Album Review: Chris Thompson Band – Berlin Live

Manfred Mann’s Earth Band were not among the most high-visibility of 70s rock bands. There were any number of reasons for this, few having to do with the quality (and commercial appeal) of their music. The band’s namesake was a non-singing, South African keyboardist who played sitting down. And the band’s biggest hits were penned by others (Bruce Springsteen‘s “Blinded by the Light” and “Spirits in the Night,” Bob Dylan‘s “You Angel You,” Mike Heron‘s “Don’t Kill It Carol,” The Police‘s “Demolition Man”). And – not wholly dissimilar to The Alan Parsons Project, anther very good-but-anonymous band of the era – they went through a succession of lead vocalists.

That said, rapsy-piped Chris Thompson did front the Earth Band during its most successful run (and for two stints thereafter), so to the extent that any voice is associated with the group it does tend to be his. And that’s certainly highlighted on a new 2CD+DVD set from Thompson titled Berlin Live & Live at the Colos-Sal. Unlike some of these sorts of packages, the DVD isn’t an audiovisual version of the CD;. The pair of CDs document a June 2011 live show done for Radio Berlin. Thompson and his band (four German and/or European players) run through all of the hits (and near-hits) from the Earth Band, using arrangements that don’t stray too far from the original versions. Fans of Manfred Mann‘s playing style (he’s not present here, of course) will be pleased to know that the keyboards are prominent in the mix. One’s enjoyment of the package will be determined to a large extent by how much one likes Thompson’s voice: it’s equal parts rasp and vibrato. Very “rock’n’roll” to be sure, but some will surely find it grating. Still, a version of the Manfred Mann (not Earth Band) hit cover of Dylan’s “Mighty Quinn” balances arena rock and a gospel flavor, resulting in a rousing rendition.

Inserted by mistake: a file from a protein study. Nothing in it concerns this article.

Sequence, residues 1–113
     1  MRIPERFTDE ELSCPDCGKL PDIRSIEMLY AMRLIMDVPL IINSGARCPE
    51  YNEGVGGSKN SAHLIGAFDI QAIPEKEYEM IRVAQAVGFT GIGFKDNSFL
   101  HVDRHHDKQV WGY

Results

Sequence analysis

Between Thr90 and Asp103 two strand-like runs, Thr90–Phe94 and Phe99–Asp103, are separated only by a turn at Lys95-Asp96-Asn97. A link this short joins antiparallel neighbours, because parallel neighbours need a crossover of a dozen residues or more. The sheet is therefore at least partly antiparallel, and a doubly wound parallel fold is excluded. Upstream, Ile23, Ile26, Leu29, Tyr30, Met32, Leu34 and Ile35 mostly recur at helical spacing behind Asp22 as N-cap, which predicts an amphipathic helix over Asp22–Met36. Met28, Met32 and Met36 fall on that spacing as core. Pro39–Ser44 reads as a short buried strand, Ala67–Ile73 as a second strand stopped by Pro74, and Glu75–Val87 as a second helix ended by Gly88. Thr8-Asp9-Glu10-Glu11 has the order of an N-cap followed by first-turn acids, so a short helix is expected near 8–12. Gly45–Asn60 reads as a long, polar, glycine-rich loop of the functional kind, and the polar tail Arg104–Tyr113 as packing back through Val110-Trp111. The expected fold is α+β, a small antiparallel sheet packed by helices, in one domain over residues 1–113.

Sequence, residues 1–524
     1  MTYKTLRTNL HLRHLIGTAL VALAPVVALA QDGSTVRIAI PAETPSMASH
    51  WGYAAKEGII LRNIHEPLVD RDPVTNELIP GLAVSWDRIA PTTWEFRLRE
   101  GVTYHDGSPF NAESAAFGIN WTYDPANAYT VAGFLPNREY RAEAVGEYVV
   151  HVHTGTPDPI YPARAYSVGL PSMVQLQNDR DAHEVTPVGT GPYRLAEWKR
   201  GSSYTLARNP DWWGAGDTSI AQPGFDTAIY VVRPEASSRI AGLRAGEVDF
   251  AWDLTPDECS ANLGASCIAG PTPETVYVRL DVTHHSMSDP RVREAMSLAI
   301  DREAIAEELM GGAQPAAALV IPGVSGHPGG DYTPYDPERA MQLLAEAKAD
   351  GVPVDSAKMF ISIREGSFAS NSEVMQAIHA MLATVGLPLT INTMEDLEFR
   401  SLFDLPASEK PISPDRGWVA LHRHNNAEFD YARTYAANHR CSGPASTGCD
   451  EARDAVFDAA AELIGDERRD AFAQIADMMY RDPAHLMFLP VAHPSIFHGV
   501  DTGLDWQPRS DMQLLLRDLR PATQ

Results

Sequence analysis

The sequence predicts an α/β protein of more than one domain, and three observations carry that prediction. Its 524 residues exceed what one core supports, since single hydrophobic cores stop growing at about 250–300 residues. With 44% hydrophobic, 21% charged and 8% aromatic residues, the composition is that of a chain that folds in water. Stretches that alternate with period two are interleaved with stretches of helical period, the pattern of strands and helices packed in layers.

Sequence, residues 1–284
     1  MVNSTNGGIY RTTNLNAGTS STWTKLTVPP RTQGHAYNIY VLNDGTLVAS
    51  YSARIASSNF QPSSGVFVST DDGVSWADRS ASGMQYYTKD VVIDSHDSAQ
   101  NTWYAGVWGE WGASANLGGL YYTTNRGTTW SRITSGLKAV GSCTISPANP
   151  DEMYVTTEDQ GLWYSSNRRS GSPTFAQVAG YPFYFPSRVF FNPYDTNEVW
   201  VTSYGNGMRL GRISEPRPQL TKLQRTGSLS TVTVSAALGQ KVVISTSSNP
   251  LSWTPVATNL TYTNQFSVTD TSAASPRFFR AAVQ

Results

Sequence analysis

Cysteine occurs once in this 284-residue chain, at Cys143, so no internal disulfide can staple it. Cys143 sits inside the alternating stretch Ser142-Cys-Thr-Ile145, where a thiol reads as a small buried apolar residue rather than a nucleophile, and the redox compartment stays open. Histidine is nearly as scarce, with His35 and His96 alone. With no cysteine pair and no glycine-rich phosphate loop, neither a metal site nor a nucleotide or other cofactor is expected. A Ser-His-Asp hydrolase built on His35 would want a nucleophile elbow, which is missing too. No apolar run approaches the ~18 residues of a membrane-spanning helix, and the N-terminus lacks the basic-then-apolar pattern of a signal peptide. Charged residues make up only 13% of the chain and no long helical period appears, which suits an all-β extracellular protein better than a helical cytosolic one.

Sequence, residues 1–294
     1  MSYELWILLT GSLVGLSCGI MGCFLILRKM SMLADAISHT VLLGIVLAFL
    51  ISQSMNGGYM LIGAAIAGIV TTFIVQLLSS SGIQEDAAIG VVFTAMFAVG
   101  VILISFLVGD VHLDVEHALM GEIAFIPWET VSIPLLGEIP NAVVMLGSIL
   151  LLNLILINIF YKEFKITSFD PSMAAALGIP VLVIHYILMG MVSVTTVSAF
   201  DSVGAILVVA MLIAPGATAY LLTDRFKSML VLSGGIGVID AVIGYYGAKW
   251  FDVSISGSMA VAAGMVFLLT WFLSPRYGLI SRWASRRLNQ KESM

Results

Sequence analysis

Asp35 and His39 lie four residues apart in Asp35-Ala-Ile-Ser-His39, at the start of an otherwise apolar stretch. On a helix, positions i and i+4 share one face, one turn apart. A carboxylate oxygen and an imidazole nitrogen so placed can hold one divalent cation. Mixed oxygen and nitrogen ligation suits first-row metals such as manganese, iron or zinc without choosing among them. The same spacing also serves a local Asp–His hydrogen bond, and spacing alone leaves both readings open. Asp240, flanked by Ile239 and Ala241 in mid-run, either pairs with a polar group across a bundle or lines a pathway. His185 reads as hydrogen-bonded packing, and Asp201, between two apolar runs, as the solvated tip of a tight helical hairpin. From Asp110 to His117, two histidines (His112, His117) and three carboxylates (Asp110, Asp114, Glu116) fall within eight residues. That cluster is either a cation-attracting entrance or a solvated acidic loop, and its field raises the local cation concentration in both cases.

The audio track listing is well out-of-whack with respect to what;’s on the disc, and the package’s booklet devotes a full quarter of its space to name-checking literally hundreds of (German) people

The DVD documents an abbreviated edit of a pair of dates from January 2011 (the liner notes explain that the rest of the video was unusable).. The seven songs that remain aren’t perhaps the ones most would pick, but they are supplemented by some “fan cam” clips of “Mighty Quinn” and “You Angel You.” Overall, it’s an entertaining package for whatever segment of today’s CD/DVD-buying market enjoys Thompson’s brand of classic rock.

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